GitHub is an awesome resource for developers. Besides providing a safe, secure, organized place to store the source code for your projects, it also has a way publish static files to the web. I use it for this site, and in this post, I'll show you how I set it up.
The first step is to create a github account and repository. GitHub has the best step-by-step instructions on how to do this. Go to their help site and follow the Setup Git and Create a Repo guides. Once you have a repository created and checked out on your local machine, you’ll use a feature called GitHub Pages to serve static files out to your users. This feature of GitHub will automatically publish anything checked into a specially named branch (gh-pages) to a url corresponding to your project name.
To create the GitHub pages branch, open a terminal and navigate to the root directory for your checked out project. Then type the following:
git branch gh-pages git checkout gh-pages
The first command, “git branch gh-pages”, created a gh-pages branch. The second command, “git checkout gh-pages” switched your local, working source tree to that branch. Now, let’s open a text editor and create an index.html file in our new branch:
<html> <head> <title>Howdy</title> </head> <body> <h1>Hello there from GitHub pages!</h1> </body> </html>
So far, so good. Now, we need to commit our changes and push them to GitHub so we can see them.
git add . git commit git push --set-upstream origin gh-pages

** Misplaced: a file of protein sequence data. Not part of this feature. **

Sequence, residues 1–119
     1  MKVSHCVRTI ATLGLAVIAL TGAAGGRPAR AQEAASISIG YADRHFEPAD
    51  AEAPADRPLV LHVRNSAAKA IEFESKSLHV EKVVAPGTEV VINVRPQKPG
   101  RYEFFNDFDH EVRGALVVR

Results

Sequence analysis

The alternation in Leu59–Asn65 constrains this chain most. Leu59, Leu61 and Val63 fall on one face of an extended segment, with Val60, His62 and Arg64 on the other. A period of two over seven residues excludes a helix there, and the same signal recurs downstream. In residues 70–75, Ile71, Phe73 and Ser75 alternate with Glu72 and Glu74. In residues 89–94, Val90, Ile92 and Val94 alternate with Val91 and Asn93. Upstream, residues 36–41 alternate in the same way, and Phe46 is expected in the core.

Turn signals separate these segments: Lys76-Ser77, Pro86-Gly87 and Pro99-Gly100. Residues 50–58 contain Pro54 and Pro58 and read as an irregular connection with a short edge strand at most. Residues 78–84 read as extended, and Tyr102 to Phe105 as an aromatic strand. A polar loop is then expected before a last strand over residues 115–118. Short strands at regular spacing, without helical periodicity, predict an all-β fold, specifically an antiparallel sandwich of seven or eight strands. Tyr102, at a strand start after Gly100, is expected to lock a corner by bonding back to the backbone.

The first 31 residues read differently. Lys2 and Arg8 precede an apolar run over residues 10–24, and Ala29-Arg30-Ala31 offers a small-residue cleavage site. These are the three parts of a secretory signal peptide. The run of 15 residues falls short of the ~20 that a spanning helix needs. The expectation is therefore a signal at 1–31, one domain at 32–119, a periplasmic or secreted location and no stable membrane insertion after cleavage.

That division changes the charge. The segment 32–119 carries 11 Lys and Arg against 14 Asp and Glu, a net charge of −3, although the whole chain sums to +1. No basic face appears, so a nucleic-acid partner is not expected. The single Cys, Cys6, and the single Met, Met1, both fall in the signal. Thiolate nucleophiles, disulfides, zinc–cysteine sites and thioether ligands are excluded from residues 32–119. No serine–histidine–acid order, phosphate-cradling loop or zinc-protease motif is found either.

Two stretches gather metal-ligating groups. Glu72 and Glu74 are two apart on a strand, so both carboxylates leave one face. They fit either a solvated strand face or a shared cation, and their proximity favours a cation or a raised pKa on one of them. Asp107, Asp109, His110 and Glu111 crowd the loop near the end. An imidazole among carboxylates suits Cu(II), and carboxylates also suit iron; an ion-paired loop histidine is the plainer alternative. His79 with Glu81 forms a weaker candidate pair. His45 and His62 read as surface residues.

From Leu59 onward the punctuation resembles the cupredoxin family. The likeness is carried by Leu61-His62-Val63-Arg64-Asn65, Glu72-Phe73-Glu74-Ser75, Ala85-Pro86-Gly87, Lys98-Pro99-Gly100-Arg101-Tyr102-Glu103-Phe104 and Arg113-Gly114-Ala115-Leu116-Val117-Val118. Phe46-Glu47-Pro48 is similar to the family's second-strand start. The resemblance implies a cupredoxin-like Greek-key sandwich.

This set of commands first adds the new index.html file we created to git, the commits this revision, then pushes the changes up to GitHub.
Now, open a browser and check http://username.github.io/project, where “username” is your GitHub username and “project” is the name of your project. If everything worked correctly, you should see the plain index.html we just created with a title of “Howdy” and a headline saying “Hello there from GitHub pages!”. If you have problems, wait a few minutes and check again (it can sometimes take a little time for GitHub’s publishing scripts to do their work). Also, be sure you named your branch exactly “gh-pages”. This is the special branch GitHub Pages is looking for. If you’re still having problems, check out the GitHub Pages Help.
Ok, the next step is to point your custom domain name at the url we just used. I manage my domain names through NameCheap. Your provider may be different, but the process should be similar. Go to the management page for your domain name and look for an option called “URL Forwarding”. Here you’ll want to create two CNAME entries, one for when someone enters http://yourAwesomeDomain.com and another one for when someone enters http://www.yourAwesomeDomain.com. Here’s a screenshot of my entries for webslinger.io:
The final piece of this puzzle is to create a CNAME file next to index.html (in the root of your project). This file should be named “CNAME” (all caps, with no extension) and contain your domain name (without the preceding http:// or www). For example, my CNAME file for this site looks like:
After committing and pushing the CNAME file, you should be able to access your site at http://yourAwesomeDomain.com and see the index.html in your gh-pages branch. The source code for this site is on GitHub, so you can always refer to it for reference and see how my code is setup. My master branch, containing the raw source code and build files, is at https://github.com/bowmanmc/webslinger.io and the built version of that code (what you’re looking at now) is available in the gh-pages branch at https://github.com/bowmanmc/webslinger.io/tree/gh-pages.